British energy major BP said Tuesday that second-quarter net profit slumped 53% to $4.39 billion due to falling oil prices and despite higher output. Stripping out oil inventories held, net profit was also down 53% to $3.14 billion in the three months to the end of June, BP said in a results statement. That compared with $6.75 billion in the same period of 2008 when oil had struck record highs above $147 per barrel.
Daily production climbed 4% to 4.005 million barrels of oil and gas in the second quarter, due largely to the startup of the 300,000-barrel-per-day Thunder Horse field in the Gulf of Mexico.
Group revenues fell to $56.56 billion in the second quarter from $110.98 billion.
BP said it has already achieved its goal of cutting costs by $2 billion in 2009 -- and expected to slash another $1 billion before the end of the year.
Chief Executive Tony Hayward said the group was delivering in very tough conditions. "We are in turbulent times, volatile and uncertain. But we continue to steer a steady course through choppy waters," Hayward said. "Despite the current climate, we are making good progress in growing our upstream [operations], turning around our downstream and driving cost-efficiency across the group."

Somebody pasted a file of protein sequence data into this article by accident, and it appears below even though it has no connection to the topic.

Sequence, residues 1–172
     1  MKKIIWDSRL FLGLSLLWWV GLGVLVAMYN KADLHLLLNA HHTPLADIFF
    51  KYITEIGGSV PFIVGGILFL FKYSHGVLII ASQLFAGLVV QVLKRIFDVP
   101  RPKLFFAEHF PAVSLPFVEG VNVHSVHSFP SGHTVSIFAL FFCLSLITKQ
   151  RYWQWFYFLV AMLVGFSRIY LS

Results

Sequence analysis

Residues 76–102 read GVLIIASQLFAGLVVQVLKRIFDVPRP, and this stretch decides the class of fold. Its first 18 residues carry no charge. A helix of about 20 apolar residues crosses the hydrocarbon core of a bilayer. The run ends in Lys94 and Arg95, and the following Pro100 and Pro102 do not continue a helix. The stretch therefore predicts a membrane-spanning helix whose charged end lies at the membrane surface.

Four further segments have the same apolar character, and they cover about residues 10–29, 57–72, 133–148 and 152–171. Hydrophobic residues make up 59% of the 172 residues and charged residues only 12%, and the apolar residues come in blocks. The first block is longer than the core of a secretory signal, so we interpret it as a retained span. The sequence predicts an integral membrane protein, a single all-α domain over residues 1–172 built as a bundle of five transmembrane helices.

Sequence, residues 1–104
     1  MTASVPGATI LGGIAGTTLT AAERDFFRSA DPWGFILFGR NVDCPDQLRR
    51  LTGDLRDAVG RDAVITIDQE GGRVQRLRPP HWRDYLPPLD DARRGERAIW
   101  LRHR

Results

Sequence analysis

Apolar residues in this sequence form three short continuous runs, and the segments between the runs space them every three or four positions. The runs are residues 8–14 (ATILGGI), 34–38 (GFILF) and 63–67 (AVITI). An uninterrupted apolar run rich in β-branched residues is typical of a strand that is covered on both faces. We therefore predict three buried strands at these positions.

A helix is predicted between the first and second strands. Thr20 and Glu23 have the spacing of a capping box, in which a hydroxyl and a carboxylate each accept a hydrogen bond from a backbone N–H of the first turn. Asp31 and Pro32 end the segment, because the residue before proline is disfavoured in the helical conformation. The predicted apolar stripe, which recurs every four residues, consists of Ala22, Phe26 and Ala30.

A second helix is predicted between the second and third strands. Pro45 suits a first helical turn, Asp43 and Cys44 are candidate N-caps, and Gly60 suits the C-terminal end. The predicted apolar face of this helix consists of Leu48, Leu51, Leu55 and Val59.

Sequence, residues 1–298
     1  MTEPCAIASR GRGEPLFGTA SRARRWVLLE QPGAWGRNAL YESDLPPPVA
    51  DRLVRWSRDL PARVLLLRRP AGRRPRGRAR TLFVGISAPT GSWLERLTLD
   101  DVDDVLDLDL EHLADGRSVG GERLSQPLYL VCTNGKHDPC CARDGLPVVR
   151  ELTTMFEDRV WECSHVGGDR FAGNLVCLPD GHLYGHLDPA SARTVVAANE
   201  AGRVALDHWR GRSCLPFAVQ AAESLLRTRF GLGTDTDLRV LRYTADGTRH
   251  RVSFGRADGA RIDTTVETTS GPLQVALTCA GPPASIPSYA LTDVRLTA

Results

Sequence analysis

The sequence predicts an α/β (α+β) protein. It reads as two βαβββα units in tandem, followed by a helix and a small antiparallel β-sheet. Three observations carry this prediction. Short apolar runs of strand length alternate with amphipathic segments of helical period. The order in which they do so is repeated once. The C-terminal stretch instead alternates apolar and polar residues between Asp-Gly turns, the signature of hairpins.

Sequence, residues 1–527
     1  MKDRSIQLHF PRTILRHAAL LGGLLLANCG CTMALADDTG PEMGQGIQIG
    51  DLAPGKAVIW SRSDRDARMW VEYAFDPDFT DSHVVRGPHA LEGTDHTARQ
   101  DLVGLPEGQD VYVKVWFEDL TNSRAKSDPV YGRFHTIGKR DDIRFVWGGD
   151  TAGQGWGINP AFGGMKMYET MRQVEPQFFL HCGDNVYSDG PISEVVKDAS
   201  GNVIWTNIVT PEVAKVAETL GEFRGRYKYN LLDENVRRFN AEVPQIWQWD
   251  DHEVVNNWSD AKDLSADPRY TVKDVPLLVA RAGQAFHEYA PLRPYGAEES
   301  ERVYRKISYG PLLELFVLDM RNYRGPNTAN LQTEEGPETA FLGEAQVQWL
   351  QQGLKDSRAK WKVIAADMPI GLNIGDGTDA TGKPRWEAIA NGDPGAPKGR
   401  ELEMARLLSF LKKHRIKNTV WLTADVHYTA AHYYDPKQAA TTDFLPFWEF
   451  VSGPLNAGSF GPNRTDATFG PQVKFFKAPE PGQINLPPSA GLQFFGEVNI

Capital spending in the three months to June was $4.8 billion and $9.4 billion for the six month period, and should be less than $20 billion for the full year, according to BP.
Hayward said a recovery in global energy demand would be sluggish.
"The overall picture is of energy demand now stabilizing following significant falls in the first half of the year," Hayward said. "We see little evidence of any growth in demand and expect the recovery to be long and drawn out."
"BP may not be able to control the price of oil, but their measures to streamline the business and reduce costs show the board is in tune with the ebbs and flows of the market," said trader Manoj Ladwa at ETX Capital.
At BP, where Hayward has been in charge since 2007, more than 5,000 jobs are being slashed in a bid to reduce costs.
Copyright Agence France-Presse, 2009